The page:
Georgia Tech’s second-half defense flounders

ATLANTA, GA - SEPTEMBER 04: Marquez Callaway #1 of the Tennessee Volunteers rushes for a touchdown past A.J. Gray #5 of the Georgia Tech Yellow Jackets at Mercedes-Benz Stadium on September 4, 2017 in Atlanta, Georgia. (Photo by Kevin C. Cox/Getty Images)

Credit: Kevin C. Cox

Credit: Kevin C. Cox

Georgia Tech’s defense did its job in the first half. Against Tennessee in the second half and overtime of the Chick-fil-A Kickoff game Monday night, the Yellow Jackets didn’t keep it up. The result: a 42-41 double-overtime defeat.

Through the Volunteers’ first seven possessions – the seventh was Tennessee’s first of the second half – Tech allowed just 103 yards on 31 plays, 3.3 yards per play. Often in third-and-long, the Volunteers were 2-for-8 on third downs.

After that, when the Volunteers went to an up-tempo pace that has often been Tech’s undoing, Tennessee ran 28 plays that gained 266 yards, 9.5 yards per play. On six drives that produced five touchdowns (two in overtime), the Volunteers got to third down just four times, converting three of them.

In those final six possessions, Tennessee hit six plays that covered 15 yards or more.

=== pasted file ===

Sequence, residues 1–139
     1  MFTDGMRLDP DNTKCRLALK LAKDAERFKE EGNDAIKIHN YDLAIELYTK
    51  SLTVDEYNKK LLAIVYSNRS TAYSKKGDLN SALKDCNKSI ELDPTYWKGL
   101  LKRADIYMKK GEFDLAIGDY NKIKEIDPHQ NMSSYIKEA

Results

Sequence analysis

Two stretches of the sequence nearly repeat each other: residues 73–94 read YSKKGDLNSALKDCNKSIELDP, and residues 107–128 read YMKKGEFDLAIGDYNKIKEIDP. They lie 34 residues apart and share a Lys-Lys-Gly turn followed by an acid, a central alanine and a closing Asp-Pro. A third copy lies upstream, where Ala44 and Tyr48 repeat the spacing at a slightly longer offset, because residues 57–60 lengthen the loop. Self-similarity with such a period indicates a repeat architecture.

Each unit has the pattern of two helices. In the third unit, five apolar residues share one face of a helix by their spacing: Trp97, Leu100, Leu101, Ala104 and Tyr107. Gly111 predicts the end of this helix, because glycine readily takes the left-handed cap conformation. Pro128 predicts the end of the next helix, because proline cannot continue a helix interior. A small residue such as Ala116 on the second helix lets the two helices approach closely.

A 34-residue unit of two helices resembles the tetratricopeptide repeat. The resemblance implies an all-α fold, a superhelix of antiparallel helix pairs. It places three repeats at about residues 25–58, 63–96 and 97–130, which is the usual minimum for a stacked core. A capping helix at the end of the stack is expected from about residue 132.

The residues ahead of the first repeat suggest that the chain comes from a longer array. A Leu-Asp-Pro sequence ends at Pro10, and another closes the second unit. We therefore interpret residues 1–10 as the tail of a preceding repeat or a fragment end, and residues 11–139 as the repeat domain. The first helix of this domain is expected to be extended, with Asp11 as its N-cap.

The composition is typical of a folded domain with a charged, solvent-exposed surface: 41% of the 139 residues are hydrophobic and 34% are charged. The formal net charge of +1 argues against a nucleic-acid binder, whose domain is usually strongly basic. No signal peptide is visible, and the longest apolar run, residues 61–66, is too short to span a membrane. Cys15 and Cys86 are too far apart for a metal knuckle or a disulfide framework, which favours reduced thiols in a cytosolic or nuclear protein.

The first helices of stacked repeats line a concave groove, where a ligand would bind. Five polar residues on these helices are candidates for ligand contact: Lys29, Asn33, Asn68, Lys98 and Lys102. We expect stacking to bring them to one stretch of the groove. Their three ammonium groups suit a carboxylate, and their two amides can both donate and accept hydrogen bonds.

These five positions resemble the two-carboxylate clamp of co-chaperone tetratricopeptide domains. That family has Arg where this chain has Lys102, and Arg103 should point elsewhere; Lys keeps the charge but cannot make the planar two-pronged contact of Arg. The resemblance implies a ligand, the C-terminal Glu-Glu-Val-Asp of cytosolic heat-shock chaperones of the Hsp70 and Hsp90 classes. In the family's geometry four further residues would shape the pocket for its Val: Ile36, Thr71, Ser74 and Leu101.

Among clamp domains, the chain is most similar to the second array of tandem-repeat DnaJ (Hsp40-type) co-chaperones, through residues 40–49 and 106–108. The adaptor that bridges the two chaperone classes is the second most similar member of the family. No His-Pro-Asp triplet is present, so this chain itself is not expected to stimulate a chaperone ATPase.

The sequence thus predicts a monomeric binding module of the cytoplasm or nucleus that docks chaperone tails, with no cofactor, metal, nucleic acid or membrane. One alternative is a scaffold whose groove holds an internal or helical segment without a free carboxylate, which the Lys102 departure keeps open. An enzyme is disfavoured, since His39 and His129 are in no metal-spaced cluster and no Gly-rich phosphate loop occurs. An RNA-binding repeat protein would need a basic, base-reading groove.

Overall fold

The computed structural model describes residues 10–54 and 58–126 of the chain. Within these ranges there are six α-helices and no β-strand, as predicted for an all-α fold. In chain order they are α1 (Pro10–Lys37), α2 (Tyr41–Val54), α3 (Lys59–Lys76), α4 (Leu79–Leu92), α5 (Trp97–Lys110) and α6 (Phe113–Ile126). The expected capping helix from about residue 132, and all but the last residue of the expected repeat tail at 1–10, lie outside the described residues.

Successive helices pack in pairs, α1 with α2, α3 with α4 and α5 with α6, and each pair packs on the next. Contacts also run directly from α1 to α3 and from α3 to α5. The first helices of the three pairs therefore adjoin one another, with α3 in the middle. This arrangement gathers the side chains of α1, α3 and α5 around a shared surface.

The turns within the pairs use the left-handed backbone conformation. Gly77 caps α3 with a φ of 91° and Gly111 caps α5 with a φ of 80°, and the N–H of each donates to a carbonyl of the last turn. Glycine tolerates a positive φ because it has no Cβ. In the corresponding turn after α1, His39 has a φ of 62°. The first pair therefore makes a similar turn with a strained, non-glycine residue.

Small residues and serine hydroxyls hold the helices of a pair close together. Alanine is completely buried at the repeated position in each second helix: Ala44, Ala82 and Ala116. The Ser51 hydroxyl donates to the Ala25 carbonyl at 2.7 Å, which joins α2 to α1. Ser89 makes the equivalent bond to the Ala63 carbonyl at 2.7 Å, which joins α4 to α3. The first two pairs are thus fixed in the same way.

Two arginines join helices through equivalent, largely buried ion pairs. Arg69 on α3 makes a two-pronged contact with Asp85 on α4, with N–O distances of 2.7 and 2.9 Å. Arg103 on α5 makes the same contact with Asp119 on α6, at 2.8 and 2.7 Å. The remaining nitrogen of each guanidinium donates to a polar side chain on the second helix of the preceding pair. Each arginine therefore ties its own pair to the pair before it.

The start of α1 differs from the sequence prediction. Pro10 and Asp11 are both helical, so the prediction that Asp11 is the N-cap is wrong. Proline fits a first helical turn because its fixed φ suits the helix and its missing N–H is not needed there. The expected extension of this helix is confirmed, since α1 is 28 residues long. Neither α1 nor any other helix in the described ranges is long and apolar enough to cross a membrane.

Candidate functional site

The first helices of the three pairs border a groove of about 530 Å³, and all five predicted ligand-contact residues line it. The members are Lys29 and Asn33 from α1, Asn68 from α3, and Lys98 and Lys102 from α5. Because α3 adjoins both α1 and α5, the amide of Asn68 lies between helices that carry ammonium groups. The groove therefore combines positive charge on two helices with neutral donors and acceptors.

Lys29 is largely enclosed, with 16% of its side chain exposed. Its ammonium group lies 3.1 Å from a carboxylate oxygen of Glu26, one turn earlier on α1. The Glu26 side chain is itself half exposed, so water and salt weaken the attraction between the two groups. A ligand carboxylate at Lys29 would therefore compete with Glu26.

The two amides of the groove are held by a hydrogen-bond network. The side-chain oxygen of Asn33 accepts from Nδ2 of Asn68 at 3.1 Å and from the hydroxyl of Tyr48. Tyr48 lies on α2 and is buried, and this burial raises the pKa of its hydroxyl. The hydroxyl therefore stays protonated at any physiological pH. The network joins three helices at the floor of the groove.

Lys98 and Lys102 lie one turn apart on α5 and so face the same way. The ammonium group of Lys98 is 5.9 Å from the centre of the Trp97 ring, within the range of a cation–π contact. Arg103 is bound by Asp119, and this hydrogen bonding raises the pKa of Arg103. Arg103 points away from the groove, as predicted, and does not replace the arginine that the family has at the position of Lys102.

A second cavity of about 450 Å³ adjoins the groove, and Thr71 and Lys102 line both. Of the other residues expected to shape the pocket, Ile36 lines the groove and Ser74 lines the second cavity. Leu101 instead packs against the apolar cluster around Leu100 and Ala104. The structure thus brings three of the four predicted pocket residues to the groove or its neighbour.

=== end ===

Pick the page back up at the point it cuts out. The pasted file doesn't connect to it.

There were the usual reasons: missed tackles, poor pursuit angles, getting overpowered in the run game and, to Tennessee’s credit, superior playmaking.

“We’ve just got to learn how to finish, honestly,” linebacker Brant Mitchell said. “We’ve got to come together as a defense. We’ve got to learn to play harder in the second half. We came out in the first half and we shut it down. We’ve got to keep the momentum going in the second half. Just got to learn how to finish.”

Tennessee running back John Kelly, who gained 91 of his 128 rushing yards after halftime, said he could feel a shift with the change in tempo.

“Our up-tempo started to pick up a little bit more and our offense was clicking, so, yeah, we definitely were kind of wearing ’em out,” Kelly said.

Tech coach Paul Johnson disputed the idea that fatigue was a factor for his defense. He found fault in Tech’s inability to create negative plays. The Jackets had no sacks and recorded just one tackle for loss, a shortcoming last season.

“We had the ball 41 minutes, they had it 18,” Johnson said.

What helped, too, was that Tennessee began to play better, particularly in the passing game. The first half was hampered by drops, but quarterback Quinten Dormady turned to wide receiver Marquez Callaway for two of the biggest plays in the game after halftime, a 10-yard touchdown pass in the third quarter to cut Tech’s lead to 21-14 and then a 50-yard catch-and-run touchdown in the fourth quarter that kept Tennessee in the game at 28-21 with 11:49 to play. Callaway also hauled in a 40-yard pass on Tennessee’s final drive of regulation that tied the game at 28.

“The second half, once they got rolling, there wasn’t much stopping them,” Johnson said.

In Other News